A variety of instructors, ranging from core faculty and content experts to local providers and EMS fellows, were incorporated. Examples of the modified novel didactic curriculum are provided in Table 1. Data from attendees who completed presentation evaluations for EMS grand rounds presentations from the 2014–2015 “conventional” curriculum and the novel 2015–2016 curriculum. Linear mixed models accounting for random lecturer effect were used for post- vs pre-intervention comparisons.

Table 1Novel didactic curriculum examples.

Format Examples
Experiential focused Scene Safety and Size Up


Just Culture Model in EMS


Delivering an Effective Presentation


System specific Education in Milwaukee County EMS


Wisconsin Disaster Preparedness


History of Milwaukee County EMS


Chapter focused Interfacility Transportation


Ambulance Safety


Medical Management of Mass Gatherings


Case discussions Public Relations Case Review


UW Madison Football Crush


Complications in Air Transport


Journal clubs Point of Care Ultrasound in EMS


SALT Triage


Treating Confined Space Injuries


Special events Emergency Vehicle Operations Course


Physician Base Training


Trauma Stabilizing Procedure Practice


EMS, emergency medical services.

Distance-Based Tool for Rural Engagement

In 2016, while expanding the EMS fellowship complement from one to two fellows per year a distance-learning platform was implemented allowing EMS fellows to participate in the fellowship didactic curriculum when off-site, at a rural EMS location (Table 2). This project addressed two problems: 1) the need to provide more time for fellows at rural EMS locations; and 2) the need to prevent EMS clinical (field time) overlap between fellows. By implementing this distance education program, on didactic days the EMS fellows could both participate in didactic experiences while operating clinically in different geographic regions (one physically located at their rural EMS clinical site while the other was at their primary urban site). After completing didactic requirements, the rural fellow was able to spend the remainder of the day interacting on-site with the rural crews.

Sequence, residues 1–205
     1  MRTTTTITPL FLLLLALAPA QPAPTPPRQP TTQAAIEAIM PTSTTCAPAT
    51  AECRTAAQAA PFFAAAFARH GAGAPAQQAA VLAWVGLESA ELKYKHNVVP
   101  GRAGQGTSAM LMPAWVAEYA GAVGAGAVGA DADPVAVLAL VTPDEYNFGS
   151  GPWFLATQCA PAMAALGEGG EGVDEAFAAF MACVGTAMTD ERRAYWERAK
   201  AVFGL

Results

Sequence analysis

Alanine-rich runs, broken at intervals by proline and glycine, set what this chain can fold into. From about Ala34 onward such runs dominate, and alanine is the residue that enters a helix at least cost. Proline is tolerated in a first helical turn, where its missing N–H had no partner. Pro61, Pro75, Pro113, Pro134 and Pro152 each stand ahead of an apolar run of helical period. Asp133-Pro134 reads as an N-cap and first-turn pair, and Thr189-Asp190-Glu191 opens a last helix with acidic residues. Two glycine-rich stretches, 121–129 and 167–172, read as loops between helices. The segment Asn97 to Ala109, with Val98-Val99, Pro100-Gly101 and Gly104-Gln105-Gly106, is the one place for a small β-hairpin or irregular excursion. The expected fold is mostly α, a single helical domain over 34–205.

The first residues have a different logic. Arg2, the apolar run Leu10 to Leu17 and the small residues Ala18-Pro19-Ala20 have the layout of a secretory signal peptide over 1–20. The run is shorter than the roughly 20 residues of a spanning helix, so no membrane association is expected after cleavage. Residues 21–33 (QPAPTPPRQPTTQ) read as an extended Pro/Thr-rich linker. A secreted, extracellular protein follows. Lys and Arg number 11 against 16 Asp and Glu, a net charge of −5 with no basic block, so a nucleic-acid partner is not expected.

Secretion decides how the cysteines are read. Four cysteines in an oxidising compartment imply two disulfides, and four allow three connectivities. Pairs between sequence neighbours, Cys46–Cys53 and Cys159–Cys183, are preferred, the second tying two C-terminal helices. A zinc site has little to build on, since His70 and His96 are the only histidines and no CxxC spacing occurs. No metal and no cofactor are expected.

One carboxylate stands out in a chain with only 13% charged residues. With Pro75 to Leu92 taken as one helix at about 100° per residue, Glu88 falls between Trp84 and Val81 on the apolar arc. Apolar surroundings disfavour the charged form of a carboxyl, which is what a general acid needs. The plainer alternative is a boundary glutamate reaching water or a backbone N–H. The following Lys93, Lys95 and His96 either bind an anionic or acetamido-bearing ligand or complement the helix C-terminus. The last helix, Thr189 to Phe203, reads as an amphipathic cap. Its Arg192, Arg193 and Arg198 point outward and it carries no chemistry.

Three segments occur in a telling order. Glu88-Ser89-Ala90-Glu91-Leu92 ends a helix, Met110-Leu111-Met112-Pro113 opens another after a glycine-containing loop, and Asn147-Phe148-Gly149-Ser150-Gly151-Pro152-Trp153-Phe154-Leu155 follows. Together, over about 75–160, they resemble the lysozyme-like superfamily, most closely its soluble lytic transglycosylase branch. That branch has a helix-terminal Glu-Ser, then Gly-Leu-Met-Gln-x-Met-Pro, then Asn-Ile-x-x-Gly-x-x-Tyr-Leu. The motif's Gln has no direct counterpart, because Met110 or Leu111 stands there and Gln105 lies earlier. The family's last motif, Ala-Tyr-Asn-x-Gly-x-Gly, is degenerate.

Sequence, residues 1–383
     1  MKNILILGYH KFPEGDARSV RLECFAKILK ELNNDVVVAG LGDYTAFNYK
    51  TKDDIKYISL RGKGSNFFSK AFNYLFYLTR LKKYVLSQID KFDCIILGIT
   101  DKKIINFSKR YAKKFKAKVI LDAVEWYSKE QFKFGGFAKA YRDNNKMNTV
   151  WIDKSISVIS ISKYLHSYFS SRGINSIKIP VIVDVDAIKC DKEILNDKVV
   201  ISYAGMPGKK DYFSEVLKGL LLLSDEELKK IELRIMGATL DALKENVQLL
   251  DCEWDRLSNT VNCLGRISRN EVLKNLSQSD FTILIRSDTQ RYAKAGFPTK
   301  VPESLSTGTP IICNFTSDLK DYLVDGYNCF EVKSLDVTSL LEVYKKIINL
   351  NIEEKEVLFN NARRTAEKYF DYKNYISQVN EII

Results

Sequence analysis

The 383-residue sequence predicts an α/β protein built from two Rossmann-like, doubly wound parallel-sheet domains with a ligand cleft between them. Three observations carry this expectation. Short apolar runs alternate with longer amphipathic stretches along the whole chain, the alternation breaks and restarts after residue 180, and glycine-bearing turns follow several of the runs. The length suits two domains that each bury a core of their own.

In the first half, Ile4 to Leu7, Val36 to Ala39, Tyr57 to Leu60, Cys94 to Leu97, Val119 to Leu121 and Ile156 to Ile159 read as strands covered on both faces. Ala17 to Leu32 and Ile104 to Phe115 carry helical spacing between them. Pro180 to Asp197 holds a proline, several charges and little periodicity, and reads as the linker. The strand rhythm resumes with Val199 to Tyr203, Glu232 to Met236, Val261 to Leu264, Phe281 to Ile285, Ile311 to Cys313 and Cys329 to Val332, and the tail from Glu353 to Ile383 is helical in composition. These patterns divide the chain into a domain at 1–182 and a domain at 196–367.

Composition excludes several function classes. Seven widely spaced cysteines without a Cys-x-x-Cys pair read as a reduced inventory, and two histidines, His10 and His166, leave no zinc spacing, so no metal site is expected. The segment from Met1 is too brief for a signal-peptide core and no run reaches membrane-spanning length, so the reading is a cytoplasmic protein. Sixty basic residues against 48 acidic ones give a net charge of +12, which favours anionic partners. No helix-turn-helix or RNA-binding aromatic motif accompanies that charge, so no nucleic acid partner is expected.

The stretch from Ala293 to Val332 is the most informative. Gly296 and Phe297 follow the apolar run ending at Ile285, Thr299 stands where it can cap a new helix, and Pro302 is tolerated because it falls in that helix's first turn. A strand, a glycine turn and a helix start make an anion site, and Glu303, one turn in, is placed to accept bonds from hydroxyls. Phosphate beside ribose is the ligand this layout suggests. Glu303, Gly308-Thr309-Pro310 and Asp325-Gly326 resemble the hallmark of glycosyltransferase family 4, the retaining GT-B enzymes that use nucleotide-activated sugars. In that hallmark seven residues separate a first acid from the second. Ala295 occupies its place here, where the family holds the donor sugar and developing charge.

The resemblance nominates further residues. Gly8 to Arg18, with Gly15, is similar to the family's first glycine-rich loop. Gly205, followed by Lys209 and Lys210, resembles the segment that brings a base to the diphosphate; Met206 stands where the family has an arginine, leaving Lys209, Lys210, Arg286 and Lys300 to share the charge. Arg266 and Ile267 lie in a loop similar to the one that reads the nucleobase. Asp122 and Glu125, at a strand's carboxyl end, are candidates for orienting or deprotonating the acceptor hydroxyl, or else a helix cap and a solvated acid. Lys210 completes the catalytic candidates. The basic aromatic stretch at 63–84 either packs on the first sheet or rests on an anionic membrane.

Table 2Key Elements of Distance-Based Tool for Rural Engagement.

Key elements
Located at rural site


On-scene rural emergency medical services (EMS) care


Web-based live lecture engagement


Enhanced rural EMS provider continuing education


Social media-based question and answer sessions


*Linear mixed models accounting for random lecturer effect were used for post versus pre intervention comparisons.

To implement this project, existing equipment and programs were used including the Panopto video platform (Panopto, Seattle, WA, Version 5.4.0), a web-based system supporting a live webcast including lecture slides with audio and video transmission to the distance site. The live webcast was supplemented by real-time discussion along with question-and-answer sessions between the broadcasting location and the rural site using a social media platform Convo (, Los Altos, CA). Both systems were available free of charge from the hosting institution and could be run from a computer or a mobile device. To improve audio quality a microphone was purchased at a cost of less than $150.